David Gilmour is the author of many works of literary and political history, including Curzon: Imperial Statesman (FSG, 2003) and The Long Recessional: The Imperial Life of Rudyard Kipling (FSG, 2002). He lives in Edinburgh with his wife and four children
British historian Gilmour (The Ruling Caste: Imperial Lives in the Victorian Raj, 2006, etc.) declares there's no such thing as Italy.
Or rather, he argues in this idiosyncratic text, the 19th-century unification of the Italian peninsula into a single nation ignored the reality of its distinct city-states and regions with long separate histories and little in common. Read full book review >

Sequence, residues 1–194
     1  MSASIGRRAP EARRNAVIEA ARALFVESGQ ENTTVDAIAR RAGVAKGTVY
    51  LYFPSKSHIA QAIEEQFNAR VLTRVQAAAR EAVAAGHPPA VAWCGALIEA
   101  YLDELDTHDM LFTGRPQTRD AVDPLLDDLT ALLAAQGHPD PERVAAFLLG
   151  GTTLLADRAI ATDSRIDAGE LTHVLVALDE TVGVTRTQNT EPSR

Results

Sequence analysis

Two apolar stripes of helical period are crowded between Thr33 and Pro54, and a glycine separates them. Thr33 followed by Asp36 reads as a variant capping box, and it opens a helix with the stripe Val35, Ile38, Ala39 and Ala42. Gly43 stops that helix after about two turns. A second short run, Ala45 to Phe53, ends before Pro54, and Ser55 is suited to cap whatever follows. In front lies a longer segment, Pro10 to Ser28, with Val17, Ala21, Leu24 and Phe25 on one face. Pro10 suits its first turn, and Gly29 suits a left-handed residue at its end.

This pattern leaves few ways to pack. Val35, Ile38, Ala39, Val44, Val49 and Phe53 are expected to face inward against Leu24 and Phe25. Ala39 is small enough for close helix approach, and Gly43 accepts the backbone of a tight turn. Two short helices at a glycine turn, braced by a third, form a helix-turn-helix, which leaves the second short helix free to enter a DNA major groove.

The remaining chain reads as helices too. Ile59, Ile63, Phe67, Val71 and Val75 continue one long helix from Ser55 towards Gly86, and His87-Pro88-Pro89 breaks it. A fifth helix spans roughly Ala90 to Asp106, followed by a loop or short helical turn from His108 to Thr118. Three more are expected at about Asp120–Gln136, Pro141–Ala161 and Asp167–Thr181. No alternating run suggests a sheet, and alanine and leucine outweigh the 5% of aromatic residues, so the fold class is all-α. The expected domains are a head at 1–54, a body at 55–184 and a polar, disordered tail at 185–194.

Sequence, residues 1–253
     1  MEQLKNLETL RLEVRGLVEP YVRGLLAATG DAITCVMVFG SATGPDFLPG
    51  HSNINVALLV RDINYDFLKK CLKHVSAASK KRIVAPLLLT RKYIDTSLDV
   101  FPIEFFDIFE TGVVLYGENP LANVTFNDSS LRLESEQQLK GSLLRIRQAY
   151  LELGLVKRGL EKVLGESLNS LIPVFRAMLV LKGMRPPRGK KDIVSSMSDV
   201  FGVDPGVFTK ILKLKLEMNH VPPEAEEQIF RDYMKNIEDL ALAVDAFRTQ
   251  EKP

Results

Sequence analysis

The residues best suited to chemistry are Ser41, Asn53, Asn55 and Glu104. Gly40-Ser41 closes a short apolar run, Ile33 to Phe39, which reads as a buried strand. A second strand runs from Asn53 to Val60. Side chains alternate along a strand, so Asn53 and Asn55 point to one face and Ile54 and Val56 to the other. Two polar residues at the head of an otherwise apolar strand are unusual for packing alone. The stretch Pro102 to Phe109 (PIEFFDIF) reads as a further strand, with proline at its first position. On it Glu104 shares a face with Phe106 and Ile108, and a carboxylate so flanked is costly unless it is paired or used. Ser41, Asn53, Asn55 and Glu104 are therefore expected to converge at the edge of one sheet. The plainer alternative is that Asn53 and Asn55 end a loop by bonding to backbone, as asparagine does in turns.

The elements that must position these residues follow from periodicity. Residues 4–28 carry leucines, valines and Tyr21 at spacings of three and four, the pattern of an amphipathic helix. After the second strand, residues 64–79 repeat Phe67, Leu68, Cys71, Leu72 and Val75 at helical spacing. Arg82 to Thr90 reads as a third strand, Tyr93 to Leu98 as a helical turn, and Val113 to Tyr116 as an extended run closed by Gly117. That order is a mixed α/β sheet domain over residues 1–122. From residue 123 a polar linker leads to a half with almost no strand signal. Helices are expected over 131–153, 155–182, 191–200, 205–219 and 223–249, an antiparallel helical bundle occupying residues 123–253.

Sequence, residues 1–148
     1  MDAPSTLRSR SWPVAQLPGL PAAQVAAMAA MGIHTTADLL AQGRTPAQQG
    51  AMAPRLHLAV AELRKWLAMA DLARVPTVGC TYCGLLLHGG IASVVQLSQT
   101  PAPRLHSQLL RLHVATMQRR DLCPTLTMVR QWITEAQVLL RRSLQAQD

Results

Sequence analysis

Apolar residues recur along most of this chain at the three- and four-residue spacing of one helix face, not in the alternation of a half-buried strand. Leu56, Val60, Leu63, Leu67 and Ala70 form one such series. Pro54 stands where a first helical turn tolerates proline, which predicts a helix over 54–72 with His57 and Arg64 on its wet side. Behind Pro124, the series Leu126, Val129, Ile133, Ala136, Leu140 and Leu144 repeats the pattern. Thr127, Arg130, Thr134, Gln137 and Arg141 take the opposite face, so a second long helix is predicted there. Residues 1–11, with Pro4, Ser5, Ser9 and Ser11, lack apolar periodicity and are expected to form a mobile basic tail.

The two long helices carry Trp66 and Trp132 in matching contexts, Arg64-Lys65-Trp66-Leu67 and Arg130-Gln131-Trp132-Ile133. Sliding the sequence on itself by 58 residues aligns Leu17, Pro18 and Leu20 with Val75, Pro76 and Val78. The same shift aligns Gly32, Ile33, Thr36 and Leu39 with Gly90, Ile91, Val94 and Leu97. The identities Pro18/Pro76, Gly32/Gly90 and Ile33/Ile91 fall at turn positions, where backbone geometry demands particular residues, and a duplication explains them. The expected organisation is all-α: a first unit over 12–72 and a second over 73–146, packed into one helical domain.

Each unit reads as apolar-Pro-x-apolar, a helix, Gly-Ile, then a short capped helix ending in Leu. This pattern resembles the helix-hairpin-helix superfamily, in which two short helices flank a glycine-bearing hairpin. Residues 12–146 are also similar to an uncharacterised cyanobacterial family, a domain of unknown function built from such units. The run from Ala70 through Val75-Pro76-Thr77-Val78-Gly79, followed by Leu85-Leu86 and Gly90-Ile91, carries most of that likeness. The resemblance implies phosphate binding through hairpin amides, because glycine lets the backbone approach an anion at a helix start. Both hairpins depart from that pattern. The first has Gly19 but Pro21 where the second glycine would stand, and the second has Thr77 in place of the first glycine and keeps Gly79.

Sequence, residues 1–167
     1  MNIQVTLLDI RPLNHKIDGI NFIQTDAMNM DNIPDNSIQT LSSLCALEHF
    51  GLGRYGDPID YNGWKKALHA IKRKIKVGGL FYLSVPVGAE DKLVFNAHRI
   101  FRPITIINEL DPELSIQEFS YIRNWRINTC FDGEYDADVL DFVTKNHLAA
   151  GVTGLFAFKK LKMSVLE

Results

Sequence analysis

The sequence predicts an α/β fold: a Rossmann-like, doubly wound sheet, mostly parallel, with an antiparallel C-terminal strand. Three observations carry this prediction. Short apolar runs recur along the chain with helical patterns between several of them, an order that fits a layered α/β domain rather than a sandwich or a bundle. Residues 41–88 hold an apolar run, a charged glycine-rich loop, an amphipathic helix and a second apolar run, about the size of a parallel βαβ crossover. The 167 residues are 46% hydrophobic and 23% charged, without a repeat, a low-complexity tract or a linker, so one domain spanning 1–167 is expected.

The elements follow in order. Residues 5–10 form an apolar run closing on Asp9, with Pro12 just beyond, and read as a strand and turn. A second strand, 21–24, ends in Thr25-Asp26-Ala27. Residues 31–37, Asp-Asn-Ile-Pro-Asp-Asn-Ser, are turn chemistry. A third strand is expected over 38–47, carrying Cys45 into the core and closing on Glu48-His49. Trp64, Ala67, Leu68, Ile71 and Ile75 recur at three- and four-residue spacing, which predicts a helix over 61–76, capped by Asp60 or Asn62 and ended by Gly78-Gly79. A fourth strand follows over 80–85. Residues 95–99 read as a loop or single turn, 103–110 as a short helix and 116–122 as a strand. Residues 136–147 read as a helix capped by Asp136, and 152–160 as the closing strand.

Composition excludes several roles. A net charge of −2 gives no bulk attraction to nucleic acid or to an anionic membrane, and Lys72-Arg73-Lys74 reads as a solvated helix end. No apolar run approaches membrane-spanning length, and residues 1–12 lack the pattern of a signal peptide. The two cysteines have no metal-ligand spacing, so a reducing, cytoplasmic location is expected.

Sexual obsession for a younger woman narrated by a heavy- drinking, pill-popping, middle-aged Toronto speechwriter in a laconic, often funny, take-me-as-I-am-style. Second-novelist Gilmour (Back on Tuesday—not reviewed) gets the voice of Bix, his narrator, just right. Read full book review >
The first official biography of Giuseppe Tomasi, prince of Lampedusa and author of The Leopard, recounted by British journalist (and family friend) Gilmour with an elegance and precision worthy of his subject. When The Leopard was published in 1958 to great acclaim, Lampedusa was already one year dead and entirely unknown as a writer. Read full book review >